Tiptoeing into Futures Trading
Trading in commodities futures has led many amateurs to bankruptcy; for those who play the odds like a gambler often suffer the same big losses. But, while the futures market can be tricky, those who take the time to really study the market can develop a strategy for investment which consistently brings success. Profits can be big, as futures investors only need to put up a fraction of what the total purchase price would be. You should never risk more than you could afford to lose - commodity prices can move up and down so quickly that fortunes can be made or lost in a matter of hours. There are as many successful trading systems as there are successful commodities traders. There are commodities trading newsletters which present and analyze successful trading approaches. Once a system has been decided upon, realistic investment goals must be established and adhered to. There are also managed commodities accounts which can take some of the constant monitoring out of commodities investment. Commodities investment can be exciting, and profitable, if played correctly.
Publication Name: Money
Section 214 of the UK Insolvency Act of 1986 contains provisions on wrongful trading by corporate directors. The law defines wrongful trading as a civil and compensatory offense rather than penal as in the case of fraudulent trading. According to the Insolvency Act, directors can be charged with civil liability and compelled to contribute to the firm's assets under certain conditions. Accountants and other financial advisers should also understand the legal implications of this legislation for them. Accountants acting as advisers to directors can be held responsible for wrongful trading but their liability will be confined to their professional capacity as advisers. To avoid potential legal actions, it is essential for financial advisers to know the difference between the initial adoption of a wrongful trading position and the continuance of such trading.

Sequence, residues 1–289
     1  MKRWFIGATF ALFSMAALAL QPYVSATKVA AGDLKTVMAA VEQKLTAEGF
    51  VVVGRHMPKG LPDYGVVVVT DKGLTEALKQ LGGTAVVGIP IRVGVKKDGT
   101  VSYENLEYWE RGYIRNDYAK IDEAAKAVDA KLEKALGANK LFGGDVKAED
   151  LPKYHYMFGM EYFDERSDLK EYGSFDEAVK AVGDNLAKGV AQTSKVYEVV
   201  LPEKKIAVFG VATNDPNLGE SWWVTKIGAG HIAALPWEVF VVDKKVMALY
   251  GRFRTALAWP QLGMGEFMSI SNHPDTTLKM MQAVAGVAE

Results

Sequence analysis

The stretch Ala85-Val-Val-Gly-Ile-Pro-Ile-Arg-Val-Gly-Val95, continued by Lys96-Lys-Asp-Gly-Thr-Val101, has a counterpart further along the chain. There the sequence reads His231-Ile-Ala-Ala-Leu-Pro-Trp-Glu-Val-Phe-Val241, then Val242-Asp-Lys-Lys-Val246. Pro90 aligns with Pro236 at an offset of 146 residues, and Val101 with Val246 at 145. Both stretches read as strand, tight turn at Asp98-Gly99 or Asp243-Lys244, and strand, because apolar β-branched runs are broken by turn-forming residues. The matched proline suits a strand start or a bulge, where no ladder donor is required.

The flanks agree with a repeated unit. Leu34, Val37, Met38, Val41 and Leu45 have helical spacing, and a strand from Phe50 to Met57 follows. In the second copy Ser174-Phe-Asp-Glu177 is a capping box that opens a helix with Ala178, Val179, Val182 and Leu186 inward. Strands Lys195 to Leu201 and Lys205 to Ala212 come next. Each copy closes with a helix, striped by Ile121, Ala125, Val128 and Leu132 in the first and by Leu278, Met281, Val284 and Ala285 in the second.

Publication Name: The Accountant's Magazine
The pricing of bank bill futures and FRA contracts in New Zealand
This study examines pricing in the bank bill futures and forward rate agreement (FRA) markets. The study finds (i) the bill futures market is more transactionally efficient than the FRA market, and (ii) the unbiased expectations hypothesis generates more accurate estimates of bill futures and FRA yields than the cost of carry hypothesis. The first result reflects impediments to FRA market arbitrage such as illiquidity, minimum trade sizes and credit limits. The second result contradicts US evidence but is consistent with the leading role played by the bank bill and interbank dealers in New Zealand interest rate markets. (Reprinted by permission of the publisher.)
Publication Name: Accounting and Finance
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